Source: Channel Islands – Jersey
The Chief Minister has issued the following statement:
I want to provide you with a short update on the critical work we’ve been undertaking on testing, to better understand the spread of Coronavirus in our community – and to assist in deciding how and when we take steps to ease lockdown.
I’d like to start by setting out the daily results on our testing and healthcare capacity.
- we have tested 2,801 samples for COVID-19
- we have received 2,466 negative results and 286 positive results
- of those with positive results, 42% are male and 58% are female
- the average age of those who have tested positive is 54
- the results of 49 tests are pending
- 197 Islanders have now fully recovered from Coronavirus, having originally tested positive
- of those who have recovered, 42% are male and 58% are female – their average age is 48.
70 Islanders are currently being treated in the General Hospital for a range of medical conditions. Of those, the number of Coronavirus patients is 9.
There are 127 beds currently available in the hospital, giving us an occupancy rate of 36%
The number of Islanders who have sadly died as a result of this pandemic is now 23.
Of those deaths, 12 were confirmed, through laboratory testing, as being COVID-19 deaths, and 11 were presumptive Coronavirus deaths.
A total of 13 deaths took place within hospital care – 11 in the General Hospital, and 2 in St Saviours Hospital.
Outside of the hospital setting, 9 deaths have occurred in Island care homes, and 1 within an individual’s own home.
38% of those who sadly died were female, and 62% were male.
1 of those who died was aged 50 to 59 years, 2 were aged 60 to 69, 7 were aged between 70 and 79, 7 were aged between 80 and 89 years, and 6 were aged over 90.
Testing for Covid-19
From Monday we will double our capacity to swab test Islanders, which shows whether you are currently carrying the virus. The most urgent test will be processed on Island in our own laboratory. We will reserve most of these tests for hospital admissions.
The remainder will be processed at Colindale, the laboratory we have been using in the UK until now.
We are working hard to continually increase our PCR testing capacity to an average of 500 tests a day, and I hope to be able to update you that we have secured this in the coming week.
The capacity for 500 tests a day will mean we can swab all Hospital in-patients; referrals from GPs and the health helpline; residents returning to care homes; and all symptomatic Islanders including our essential workers.
Tests will also be done proactively for health and care workers; ‘blue light’ personnel; prison and funeral directors; and where we find evidence of COVID in a care home we will have the capacity to test all staff and residents quickly, to try and detect and control clusters of cases.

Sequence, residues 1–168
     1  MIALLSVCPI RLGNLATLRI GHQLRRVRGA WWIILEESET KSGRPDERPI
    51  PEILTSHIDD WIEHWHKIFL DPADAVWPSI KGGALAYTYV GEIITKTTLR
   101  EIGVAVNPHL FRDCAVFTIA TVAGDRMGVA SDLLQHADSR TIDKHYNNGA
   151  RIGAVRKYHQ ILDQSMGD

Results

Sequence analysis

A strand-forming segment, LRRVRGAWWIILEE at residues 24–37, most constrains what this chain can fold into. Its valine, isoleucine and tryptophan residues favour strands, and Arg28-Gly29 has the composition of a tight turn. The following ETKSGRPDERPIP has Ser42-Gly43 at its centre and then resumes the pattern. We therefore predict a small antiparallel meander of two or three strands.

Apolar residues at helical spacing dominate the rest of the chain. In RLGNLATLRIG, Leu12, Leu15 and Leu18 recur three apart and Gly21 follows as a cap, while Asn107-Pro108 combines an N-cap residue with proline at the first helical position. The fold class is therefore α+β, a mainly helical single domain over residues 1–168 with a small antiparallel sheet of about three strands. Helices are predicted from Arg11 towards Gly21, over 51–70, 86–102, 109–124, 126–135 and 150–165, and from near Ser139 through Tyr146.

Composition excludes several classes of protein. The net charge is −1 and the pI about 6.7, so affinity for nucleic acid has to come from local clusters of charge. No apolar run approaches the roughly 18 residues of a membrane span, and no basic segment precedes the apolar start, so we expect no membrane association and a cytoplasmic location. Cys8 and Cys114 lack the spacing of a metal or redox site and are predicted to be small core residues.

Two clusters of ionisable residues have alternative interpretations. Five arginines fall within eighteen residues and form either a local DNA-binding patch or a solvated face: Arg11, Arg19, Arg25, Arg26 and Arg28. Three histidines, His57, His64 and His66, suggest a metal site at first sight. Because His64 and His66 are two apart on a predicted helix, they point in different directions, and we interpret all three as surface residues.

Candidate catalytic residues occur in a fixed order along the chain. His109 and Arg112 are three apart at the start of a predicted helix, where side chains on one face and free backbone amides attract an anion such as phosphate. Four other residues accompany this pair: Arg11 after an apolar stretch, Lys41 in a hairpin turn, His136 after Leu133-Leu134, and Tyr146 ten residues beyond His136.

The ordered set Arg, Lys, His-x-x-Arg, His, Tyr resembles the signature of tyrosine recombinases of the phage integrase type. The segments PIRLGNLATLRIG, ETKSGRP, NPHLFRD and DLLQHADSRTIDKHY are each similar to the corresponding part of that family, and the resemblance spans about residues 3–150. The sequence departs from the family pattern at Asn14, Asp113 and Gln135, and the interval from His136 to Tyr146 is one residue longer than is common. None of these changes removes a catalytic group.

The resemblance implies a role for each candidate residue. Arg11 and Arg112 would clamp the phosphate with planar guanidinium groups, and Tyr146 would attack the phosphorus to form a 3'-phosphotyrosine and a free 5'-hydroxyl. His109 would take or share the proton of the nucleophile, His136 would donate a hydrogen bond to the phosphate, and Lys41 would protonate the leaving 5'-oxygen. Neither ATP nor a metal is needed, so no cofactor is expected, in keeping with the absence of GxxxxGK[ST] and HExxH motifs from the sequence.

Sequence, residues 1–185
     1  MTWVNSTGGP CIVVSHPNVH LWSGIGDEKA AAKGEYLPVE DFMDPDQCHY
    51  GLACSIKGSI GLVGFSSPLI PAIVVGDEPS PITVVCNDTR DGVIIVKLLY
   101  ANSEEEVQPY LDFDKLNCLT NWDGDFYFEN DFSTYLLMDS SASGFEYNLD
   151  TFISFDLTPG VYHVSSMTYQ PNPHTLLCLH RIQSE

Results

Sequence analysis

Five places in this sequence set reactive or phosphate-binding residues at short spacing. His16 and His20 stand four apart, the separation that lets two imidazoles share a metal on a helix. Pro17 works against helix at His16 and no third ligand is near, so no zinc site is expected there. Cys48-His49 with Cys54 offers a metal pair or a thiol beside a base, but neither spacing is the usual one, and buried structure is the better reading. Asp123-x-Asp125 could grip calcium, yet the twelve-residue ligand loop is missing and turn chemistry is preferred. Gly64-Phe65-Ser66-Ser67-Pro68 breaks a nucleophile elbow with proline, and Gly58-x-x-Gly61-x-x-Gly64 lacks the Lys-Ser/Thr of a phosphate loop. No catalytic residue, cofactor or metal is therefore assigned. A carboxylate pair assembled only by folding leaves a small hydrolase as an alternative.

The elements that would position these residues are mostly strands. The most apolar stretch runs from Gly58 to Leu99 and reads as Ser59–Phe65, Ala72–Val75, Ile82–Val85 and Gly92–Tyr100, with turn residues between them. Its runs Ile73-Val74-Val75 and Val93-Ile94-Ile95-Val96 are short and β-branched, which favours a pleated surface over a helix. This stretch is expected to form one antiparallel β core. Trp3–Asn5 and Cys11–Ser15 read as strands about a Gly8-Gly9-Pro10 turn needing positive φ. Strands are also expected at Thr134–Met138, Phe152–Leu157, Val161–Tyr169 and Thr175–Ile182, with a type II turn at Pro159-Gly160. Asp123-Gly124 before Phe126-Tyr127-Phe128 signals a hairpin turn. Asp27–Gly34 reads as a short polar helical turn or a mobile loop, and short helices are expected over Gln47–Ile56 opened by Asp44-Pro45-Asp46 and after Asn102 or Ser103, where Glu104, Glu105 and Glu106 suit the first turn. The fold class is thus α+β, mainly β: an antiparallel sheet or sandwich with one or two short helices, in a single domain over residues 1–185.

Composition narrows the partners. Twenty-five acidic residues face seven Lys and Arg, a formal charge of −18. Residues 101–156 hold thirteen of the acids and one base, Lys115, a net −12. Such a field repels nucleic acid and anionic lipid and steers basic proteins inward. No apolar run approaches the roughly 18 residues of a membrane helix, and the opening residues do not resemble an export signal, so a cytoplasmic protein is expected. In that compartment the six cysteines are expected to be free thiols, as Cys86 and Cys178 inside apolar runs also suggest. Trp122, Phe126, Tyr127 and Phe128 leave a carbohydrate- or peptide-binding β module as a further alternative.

With this new regime we expect to see an increase in confirmed positive cases. It is important that islanders understand that our statistical model already assumes that many unconfirmed cases exist.
More testing will allow us to identify the details of these cases. To ensure we actively follow up each positive case, our Environmental Health team have doubled their capacity and will continue to grow as needed in order to undertake proactive contact tracing.
This weekend we will also launch our COVD-19 community antibody testing programme.
Yesterday, we began contacting randomly selected households by letter and phone, inviting them to take part. This test measures the level of antibodies in our blood – which are produced when the body successfully fights a disease.
I urge all Islanders who receive a letter or a phone call to take part and help keep our community safe. Anyone who is contacted and would like to take part can book an appointment to have their first test between Saturday 2nd and Tuesday 5th May.
Testing will be available at three testing sites at accessible locations across the Island. These exact locations will be confirmed when the contact is made.
The test itself uses a drop of blood, which is taken with a small pin prick. Each person taking part will get their results in about 10 minutes and receive a factsheet explaining the result and what it means.
The tests are being conducted to help estimate the spread of COVID-19. The 500 households who take part, roughly 1500 Islanders, will be tested every four weeks.
This repeated testing will allow researchers to establish how the virus is moving through the community.
Results from the tests will be recorded into a database, then will be anonymised before sending to Statistics Jersey. The data will be used by Statistics Jersey to create an Island-wide picture of the COVID-19 spread, which will be publicly-available.
Current estimates suggest that the Stay Home and social distancing measures have been successful in stopping the spread of the virus, and we believe only a small percentage of islanders have been infected with COVID-19.
Community antibody testing will check our assumptions, and produce data that can be used to decide when the Island can begin to move through the phases of safely relaxing the current lockdown measures.
In a press conference tomorrow, I’ll be speaking in detail on this phased approach, which will provide a framework for us to begin safely moving towards a safe exit from lockdown.
That press conference will be available to watch on our social media channels, and will be broadcast on the radio through BBC Radio Jersey and Channel 103 at 2pm.
I would encourage you to tune-in, as we set out the plans for the next phase in tackling this crisis.
Thank you for taking the time to listen. I look forward to speaking to you again tomorrow.